"There's a lot of research that shows that contact with the criminal legal system reduces people's willingness to engage with the government for all sorts of really understandable reasons," Morris said. "If the government treats you like you don't matter … it's understandable that you would then react by saying, 'I don't want any part of this.'"

Although Amendment Four ultimately passed with broad support, a question remained on whether the opportunity to vote on Amendment Four mobilized eligible voters who were close in proximity to formerly incarcerated individuals — those whose communities have been most affected by mass incarceration, leading to the disenfranchisement of their community. 

Morris used data from the Florida Department of Corrections' Offender Based Information System, which, after completing a geocoding process, yielded 286,000 individuals who had finished their sentence as of the 2018 midterms and were released to a Florida address. He used this data in connection with Florida voter file data from the data vendor L2 Political to identify registered voters who lived with or near formerly incarcerated individuals. L2 Political provided Morris with publicly available information on individuals, including home address, age, gender, participation history in voting and political affiliation.

Morris's research found that voters living in neighborhoods with many formerly incarcerated residents did not turn out at rates higher than those of residents in similar neighborhoods, even though Amendment Four was on the ballot. And these communities already experience lower voter turnouts: Precincts with zero formerly incarcerated residents experience over 66% turnout, while precincts with 300 formerly incarcerated residents have under 61% voter turnout, according to the study.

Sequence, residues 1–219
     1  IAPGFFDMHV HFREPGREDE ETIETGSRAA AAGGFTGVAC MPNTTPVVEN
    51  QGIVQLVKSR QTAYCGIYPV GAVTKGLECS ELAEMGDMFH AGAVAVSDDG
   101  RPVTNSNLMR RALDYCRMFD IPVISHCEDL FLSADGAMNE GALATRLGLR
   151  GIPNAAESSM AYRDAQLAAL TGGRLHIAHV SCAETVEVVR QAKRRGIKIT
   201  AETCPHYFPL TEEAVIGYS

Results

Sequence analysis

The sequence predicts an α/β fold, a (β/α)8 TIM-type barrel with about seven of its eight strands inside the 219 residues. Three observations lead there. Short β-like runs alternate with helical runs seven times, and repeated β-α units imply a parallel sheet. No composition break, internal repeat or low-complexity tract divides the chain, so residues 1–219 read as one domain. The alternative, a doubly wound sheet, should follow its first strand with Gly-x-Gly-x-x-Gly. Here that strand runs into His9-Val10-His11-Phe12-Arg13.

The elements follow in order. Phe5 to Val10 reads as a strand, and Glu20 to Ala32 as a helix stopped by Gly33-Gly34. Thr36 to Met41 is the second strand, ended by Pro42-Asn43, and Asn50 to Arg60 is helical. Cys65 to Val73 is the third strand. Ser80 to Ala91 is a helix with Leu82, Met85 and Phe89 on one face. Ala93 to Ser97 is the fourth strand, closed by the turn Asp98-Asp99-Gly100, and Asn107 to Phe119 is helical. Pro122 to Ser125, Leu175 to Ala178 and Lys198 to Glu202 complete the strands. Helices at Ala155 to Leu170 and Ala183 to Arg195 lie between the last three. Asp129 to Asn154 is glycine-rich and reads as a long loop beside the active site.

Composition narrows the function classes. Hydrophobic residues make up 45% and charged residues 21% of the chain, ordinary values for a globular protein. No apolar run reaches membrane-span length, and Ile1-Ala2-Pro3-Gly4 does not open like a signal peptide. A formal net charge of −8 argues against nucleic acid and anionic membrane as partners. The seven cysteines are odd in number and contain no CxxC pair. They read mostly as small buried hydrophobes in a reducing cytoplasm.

Moreover, Morris found that turnout in 2018 wasn't higher for voters in closest contact with formerly incarcerated individuals relative to other voters. In fact, although 2018 had some of the highest levels of voter turnout in years, eligible voters who lived at an address reported to also be that of a formerly incarcerated individual had lower voter turnout than they had in previous years, by 2.2 percentage points. 

But Morris noted a positive finding: The spillover and chilling effects of incarceration on voting seem to go away slowly but surely. There was a higher turnout for voters whose family members had been out of prison for a longer time relative to people whose family members had been to prison more recently. It was a very small effect, Morris said, but the models seem to indicate that as incarceration recedes into the past, its negative political effects do weaken.

Although Amendment Four did not result in increased turnout among the most-impacted voters in 2018, Morris said that getting rid of this legal barrier was of paramount importance, and it might increase turnout in the future, specifically for those individuals who have now regained their right to vote. 

"This didn't disproportionately increase the turnout of folks in closest contact, which means that there's going to need to be so much more work to reincorporate these communities to the body politic," Morris said. "It means that, yes, ending felony disenfranchisement needs to happen, but it is only one of many things that need to happen to actually reincorporate these communities because of how long and how fully they've been marginalized by our political system."

The study "Turnout and Amendment Four: Mobilizing eligible voters close to formerly incarcerated Floridians," published April 20 in American Political Science Review, was authored by Kevin Morris, Brennan Center for Justice.